Finally, reading Ondjaki helps break down North American stereotypes about Africa. In Canada–and I believe it’s similar in the U.S..–we see Africa as speaking English and French, and being racially Black. In other words, our “Africa” is Nigeria, Ghana, Senegal, Sierra Leone and maybe Kenya or Ethiopia, but not much else. We overlook literatures written in Africa in Portuguese, Arabic, Swahili and other languages. And we overlook the high degree of racial and cultural mixing in southern Africa, where Bantus, San people, Portuguese, Dutch, English, Arabian Peninsular Arabs, Lebanese, South Asians, Greeks and others have all blended their lineages. I suspect that for many readers, reading Ondjaki is a wake-up call that Lusophone Africa–which now includes over 60 million people–even exists. I was once at an event with Ondjaki where a very famous Black writer from the Global North refused to recognize him as African due to his mixed racial background and kept referring to him, rather aggressively, as “Portuguese.” The dissemination of Ondjaki’s writing, and that of other southern Africans, whatever their literary language, helps break down this sort of obtuseness.
VSE: What do you see as some of the challenges of translating Ondjaki’s prose? Is there anything particular about working on Transparent City that you can remark on?
SH: With the debatable exception of Luandino Vieira, Ondjaki is the most difficult Luso-African writer to translate. Pepetela, Mia Couto, Manuel Rui, Ana Paula Tavares, José Eduardo Agualusa and so on all grew up in colonies where the five per cent of the population that spoke Portuguese employed a standardized, literary version of the language. So even when there’s wordplay, as in Couto’s early works, it happens within familiar semantic parameters. Ondjaki is writing a different language because he’s the first significant writer born after Angola (along with Mozambique, Guinea Bissau and Cape Verde) gained independence. His literary idiom is the language of the 75% of the Angolan population that now uses Portuguese on a daily basis, but many of whose parents or grandparents did not speak Portuguese, or spoke it poorly.
Ondjaki’s own Portuguese is highly polished, of course, but the characters of Transparent City speak a portmanteau language that is often syntactically eccentric, containing vestiges of African languages, residues of socialist jargon, recycled phrasing from colonial administrative diction, riffs on Brazilian and Portuguese popular culture, and bursts of American English, Cuban Spanish and Russian, often distorted by the characters’ imperfect understanding of what these words and phrases actually mean. This conglomeration of influences is much more pronounced in Transparent City than it was in Good Morning Comrades or Granma Nineteen and the Soviet’s Secret.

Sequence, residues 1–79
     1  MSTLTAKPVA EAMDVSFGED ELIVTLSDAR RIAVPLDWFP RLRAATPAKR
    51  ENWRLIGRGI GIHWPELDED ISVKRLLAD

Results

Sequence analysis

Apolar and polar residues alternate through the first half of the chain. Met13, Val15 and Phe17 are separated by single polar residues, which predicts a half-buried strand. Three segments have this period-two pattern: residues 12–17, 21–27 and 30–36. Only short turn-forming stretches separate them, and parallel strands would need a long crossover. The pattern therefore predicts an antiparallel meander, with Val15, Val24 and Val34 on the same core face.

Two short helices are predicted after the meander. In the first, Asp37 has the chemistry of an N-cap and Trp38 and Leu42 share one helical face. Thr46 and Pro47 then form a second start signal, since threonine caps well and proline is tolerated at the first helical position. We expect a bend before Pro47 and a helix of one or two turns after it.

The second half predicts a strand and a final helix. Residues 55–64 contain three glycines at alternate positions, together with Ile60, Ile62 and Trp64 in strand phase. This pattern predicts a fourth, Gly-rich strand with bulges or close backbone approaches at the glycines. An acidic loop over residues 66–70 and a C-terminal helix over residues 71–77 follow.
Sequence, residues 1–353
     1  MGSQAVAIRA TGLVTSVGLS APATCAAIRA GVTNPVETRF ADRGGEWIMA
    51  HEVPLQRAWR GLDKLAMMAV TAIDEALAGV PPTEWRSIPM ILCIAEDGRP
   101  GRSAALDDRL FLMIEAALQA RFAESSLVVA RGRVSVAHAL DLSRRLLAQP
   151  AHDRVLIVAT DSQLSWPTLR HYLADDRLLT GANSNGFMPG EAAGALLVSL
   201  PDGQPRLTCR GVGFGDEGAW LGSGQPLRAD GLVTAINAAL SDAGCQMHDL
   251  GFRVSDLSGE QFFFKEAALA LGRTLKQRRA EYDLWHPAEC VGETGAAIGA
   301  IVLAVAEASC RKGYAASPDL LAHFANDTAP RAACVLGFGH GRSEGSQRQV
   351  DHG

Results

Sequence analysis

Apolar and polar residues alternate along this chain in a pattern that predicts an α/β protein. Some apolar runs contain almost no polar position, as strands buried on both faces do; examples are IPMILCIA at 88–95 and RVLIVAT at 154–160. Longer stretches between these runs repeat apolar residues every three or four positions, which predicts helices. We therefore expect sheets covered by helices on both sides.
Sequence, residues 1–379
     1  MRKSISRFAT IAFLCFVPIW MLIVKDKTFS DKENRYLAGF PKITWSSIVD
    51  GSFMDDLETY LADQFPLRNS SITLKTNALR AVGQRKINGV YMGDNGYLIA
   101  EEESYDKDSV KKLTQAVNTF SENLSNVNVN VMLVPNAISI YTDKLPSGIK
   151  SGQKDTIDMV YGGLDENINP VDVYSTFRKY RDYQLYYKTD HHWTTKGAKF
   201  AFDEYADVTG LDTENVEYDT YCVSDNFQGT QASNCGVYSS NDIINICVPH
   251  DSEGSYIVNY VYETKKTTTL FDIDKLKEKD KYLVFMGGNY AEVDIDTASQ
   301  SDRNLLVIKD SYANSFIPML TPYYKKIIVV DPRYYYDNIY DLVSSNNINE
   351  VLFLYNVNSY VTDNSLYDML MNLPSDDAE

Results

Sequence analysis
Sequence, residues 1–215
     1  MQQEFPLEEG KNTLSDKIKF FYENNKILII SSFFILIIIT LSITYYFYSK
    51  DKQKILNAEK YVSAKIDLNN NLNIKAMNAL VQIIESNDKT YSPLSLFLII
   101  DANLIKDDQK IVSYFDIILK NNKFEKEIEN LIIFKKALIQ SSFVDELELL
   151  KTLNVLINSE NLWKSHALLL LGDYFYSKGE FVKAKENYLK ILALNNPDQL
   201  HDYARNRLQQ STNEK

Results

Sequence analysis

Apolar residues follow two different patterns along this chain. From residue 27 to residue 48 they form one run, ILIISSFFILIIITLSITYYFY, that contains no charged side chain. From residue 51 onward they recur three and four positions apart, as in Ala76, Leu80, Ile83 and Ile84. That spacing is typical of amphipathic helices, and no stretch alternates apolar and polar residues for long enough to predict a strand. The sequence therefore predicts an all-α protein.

Since this is Ondjaki’s big urban novel, and one that’s set in the near-present, the characters speak a real post-colonial Portuguese that takes on board every source of authority with which ordinary Angolans have come into contact. In many scenes, characters with a moderate level of education are repeating, and often parodying or re-inventing, phrasing they’ve heard from some official source. In the original, these subversive little parodies provide the novel with a lot of its humour. They were absolute hell to reproduce in English. Some of my renderings came out stilted and others were too eccentric to get past my extremely attentive editors, Dan Wells and Emily Donaldson. It took a mountain of work to devise ways to transmute this kind of fractured yet poetic urban post-colonial speech into an equivalent English, while maintaining a prose that sounded both particular to the city of Luanda, and to Angolan history, and also came across as credible English rather than translatorese. I thought hard about how West Indians treat English in a mocking, playful, yet often elaborately formal way that resembles what Ondjaki’s characters do with Portuguese, and I worked from there. I think that by the third or fourth edit, we started to get it right. The other challenges, such as ordinary punning, peculiarly Angolan references and bilingual Spanish-Portuguese or English-Portuguese conversations, were relatively simple to deal with by comparison.
VSE: Where would you go next with Ondjaki, translation-wise?
SH: Right now, I’m just delighted that we’ve got a good English translation of Transparent City. It’s a magnificent book. In Portugal it won the Saramago Prize and ran through seven printings; the French translation won two more prizes. This is a major work of fiction that’s been acclaimed internationally and I’m delighted to have it as part of the Biblioasis International Translation Series. Looking forward, well, Ondjaki has many books ahead of him. In addition, I’ve been looking at his four short story collections. There’s also an earlier novel, Quantas Madrugadas Tem a Noite (“How Many Dawns Has the Night”), that’s untranslated. One way or another, there will certainly be more Ondjaki appearing in English.